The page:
A Chemical Romance - With Your Mattress
Nowadays the whole world taking notice of the ingredients and chemicals that are in the fabric of commonly used items. A major industrial firm lived by the slogan “Better Living Through Chemistry” -- until it had to stop once the public raised the alarm over how chemical compounds affect their health and the environment.
It has become a norm for people to be wary of any product tagged "synthetic" or "chemical." However, this is pushing it beyond the limit, and it's not addressing the real issue. For example, and to be frank, any substance is a chemical by definition: it is composed of chemicals and therefore has a chemical name. These substances, if called by their chemical names, would sound intimidating. For instance, imagine calling table salt "sodium chloride" -- instead of salt-- as we are all used to, or calling water dihydrogen monoxide instead of water. Every substance, plant, organism or animal has a scientific name that differs than its regular name.
The naming of things is not the real problem. The proper question should be: "Which chemicals are safe?" Usually, when someone asks that question, we expect an answer that involves artificial, engineered chemicals or some natural elements used in certain ways.
The use of chemicals in bedding -- that is, mattresses, sheets, beds, blankets, and pillows -- is either as additive or constituent. The chemicals that make its way in the bedding is known as constituent chemicals; when chemicals get added to mattress or bedding components to achieve a result, then these supplements are known as additive chemicals. Chemicals could be added to make one or more of the following purposes: fragrance, temperature control, microbe inhibition, coloring, and flame retardation.
Most people are usually concerned about the chemicals foams are made of most notably polyurethane and memory foam. People also show concerns about synthetic rubber/latex, but it does not measure up to how much concern there are about memory foam and polyurethane.
Polyurethanes are polymers used to make memory foam. The polyurethane polymers are chains of fatty molecules also known as polyols. Initially, Petroleum was the source of the polyols. Processing the polyols makes them form links of long chains, and then other chemicals are added to turn them into the foam. Memory foam is formed when other chemicals are added to polyurethane.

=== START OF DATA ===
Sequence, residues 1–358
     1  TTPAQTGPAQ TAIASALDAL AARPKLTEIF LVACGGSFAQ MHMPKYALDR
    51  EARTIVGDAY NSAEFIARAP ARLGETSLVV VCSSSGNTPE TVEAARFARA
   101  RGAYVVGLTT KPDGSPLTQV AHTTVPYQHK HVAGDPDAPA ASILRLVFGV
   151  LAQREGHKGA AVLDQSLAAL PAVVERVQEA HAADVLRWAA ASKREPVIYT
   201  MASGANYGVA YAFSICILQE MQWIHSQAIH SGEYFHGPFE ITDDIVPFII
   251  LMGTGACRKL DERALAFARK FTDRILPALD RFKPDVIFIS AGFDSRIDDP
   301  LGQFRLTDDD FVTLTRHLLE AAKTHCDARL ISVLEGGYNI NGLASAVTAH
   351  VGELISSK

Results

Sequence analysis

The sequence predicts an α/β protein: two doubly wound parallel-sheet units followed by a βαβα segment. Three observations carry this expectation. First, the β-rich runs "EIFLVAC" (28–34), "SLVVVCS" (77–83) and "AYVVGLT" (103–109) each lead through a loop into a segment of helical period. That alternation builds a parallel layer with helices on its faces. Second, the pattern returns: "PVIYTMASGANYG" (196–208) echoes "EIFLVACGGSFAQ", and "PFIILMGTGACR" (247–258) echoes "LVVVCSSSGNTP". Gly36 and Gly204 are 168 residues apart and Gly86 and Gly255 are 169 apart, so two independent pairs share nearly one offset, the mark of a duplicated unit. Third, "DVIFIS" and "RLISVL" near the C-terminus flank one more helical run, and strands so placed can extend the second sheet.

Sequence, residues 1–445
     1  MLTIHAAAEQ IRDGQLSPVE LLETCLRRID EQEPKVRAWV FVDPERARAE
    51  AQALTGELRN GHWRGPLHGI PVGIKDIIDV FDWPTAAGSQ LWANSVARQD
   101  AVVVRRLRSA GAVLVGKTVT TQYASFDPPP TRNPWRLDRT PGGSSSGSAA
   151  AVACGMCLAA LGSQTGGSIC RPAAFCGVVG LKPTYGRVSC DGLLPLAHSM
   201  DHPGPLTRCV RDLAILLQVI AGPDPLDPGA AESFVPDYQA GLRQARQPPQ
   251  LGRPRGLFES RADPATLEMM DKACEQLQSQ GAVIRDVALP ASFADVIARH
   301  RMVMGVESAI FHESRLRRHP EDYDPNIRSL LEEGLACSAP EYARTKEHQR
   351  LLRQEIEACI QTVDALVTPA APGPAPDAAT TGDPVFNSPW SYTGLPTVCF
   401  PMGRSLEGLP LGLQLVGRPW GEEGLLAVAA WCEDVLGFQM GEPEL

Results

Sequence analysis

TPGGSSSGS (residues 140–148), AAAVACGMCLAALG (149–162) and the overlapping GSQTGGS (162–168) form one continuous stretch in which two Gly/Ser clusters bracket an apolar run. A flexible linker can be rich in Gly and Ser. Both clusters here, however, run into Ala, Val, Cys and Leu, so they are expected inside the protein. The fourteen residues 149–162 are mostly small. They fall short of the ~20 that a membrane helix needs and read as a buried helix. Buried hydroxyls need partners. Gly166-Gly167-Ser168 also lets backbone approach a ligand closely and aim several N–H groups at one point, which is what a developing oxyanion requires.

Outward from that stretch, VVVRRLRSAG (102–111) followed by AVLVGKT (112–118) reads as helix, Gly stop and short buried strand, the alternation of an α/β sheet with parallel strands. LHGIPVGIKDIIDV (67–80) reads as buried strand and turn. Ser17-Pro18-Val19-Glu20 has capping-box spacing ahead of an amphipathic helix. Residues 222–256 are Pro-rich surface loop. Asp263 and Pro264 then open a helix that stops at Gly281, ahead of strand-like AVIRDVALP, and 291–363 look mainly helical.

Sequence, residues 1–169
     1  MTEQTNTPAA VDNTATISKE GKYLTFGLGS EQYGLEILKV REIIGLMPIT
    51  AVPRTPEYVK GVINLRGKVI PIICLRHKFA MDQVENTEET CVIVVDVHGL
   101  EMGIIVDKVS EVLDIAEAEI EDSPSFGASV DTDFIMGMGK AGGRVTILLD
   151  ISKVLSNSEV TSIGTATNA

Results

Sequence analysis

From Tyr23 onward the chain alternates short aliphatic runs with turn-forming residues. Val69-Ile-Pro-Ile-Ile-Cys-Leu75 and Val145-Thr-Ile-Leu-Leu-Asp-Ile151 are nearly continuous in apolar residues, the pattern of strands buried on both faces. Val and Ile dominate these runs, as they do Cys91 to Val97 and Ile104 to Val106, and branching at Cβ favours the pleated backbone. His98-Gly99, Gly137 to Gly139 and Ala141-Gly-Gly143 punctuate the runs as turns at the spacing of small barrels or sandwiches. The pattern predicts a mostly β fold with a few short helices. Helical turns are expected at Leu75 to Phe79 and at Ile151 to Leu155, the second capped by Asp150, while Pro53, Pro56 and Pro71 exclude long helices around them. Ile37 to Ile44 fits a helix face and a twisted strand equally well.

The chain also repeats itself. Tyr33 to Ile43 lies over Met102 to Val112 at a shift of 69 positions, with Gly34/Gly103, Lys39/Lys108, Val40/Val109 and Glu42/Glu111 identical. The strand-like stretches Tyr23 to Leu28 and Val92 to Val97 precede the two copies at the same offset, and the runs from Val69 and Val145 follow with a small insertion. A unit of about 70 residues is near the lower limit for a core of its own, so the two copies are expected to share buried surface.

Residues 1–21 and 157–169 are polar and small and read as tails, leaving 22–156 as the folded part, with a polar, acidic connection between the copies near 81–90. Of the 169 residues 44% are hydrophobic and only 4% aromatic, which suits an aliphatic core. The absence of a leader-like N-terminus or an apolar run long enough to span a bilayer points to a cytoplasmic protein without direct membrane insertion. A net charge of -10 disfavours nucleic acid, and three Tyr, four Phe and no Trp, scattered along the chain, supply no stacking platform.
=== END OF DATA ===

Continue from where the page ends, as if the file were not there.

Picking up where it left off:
There are two primary concerns here: foam processing and out-gassing. The handling of foam produces emissions that transfer into the environment in no negligible amount. However, government regulations and complaints from the public has forced manufacturers to reduce the environmental impact of the processing. A lot of people are against the use of fossil fuels, and their reasons are the effects of drilling for crude oil, transporting and refining it. Out-gassing, on the other hand, is when volatile organic compounds (VOCs) are released from the foam in the bedroom. Some of these compounds may be dangerous to health or have bad odors. Plant oils are used for polyols in more mattress foams, but this was just a tiny percentage of the composition.
Some mattress manufacturers claim that some, sometimes even all their foam are made of plant-based components. However, no reliable source has ever verified or confirmed these allegations, as the foam is not a part of nature. How toxic additive chemicals are have also called for serious concerns most especially the chemicals that are used to comply with federal flammability standards such as 16 CFR Parts 1632 and 1633 of the Consumer Product Safety Commission (CPSC) codes.
Until 2009, preventing foam mattresses from flames was done using polybrominated diphenyl ethers (PBDEs.) This method is no longer being practiced because there are now fabric fire barriers which protect the foams and prevent the propagation of flame. Some flame retardants are made of wool, which is natural but relatively expensive.
To protect foams from exploding using cheaper methods, a lot of companies use boric acid powder in the fabric, which is usually cotton. Boric acid powder is, of course, toxic, so to meet the open-flame standard, they add antimony. The problem with this cheaper approach is the level of toxicity that the combination of antimony and boric acid is leaving: these chemicals will eventually find their way to the surface of the mattress.
Another alternative that is less poisonous involves a rayon infused with silica. The cloth is made soft by the infusion of silica, and it balls up should it catch fire, so the fire goes out within seconds. Some people think silica is an irritant and can cause respiratory problems if it escapes. Some other people think the manufacturing of rayon from wooden fibers has an impact on the environment.
A less toxic or non-toxic alternative is rayon infused with silica. The silica causes the fiber to soften and ball up when exposed to flame, thus stopping the spread of the fire. Some people are concerned that silica is an irritant and that it might escape and cause respiratory problems. Others are concerned about the environmental impact of manufacturing rayon from wood fibers.
Apart from fire retardants, customers are usually worried about the application of chemicals for other purposes, such as cover fabrics sizing and the production of performance materials. The truth is that even though the industrial process will not have a noticeable impact on the majority of consumers, there are nonetheless some individuals who are very sensitive to chemicals. For a chemically sensitive person, or anyone concerned with being in contact with toxic chemicals on a regular basis, an organic mattress is probably the best solution.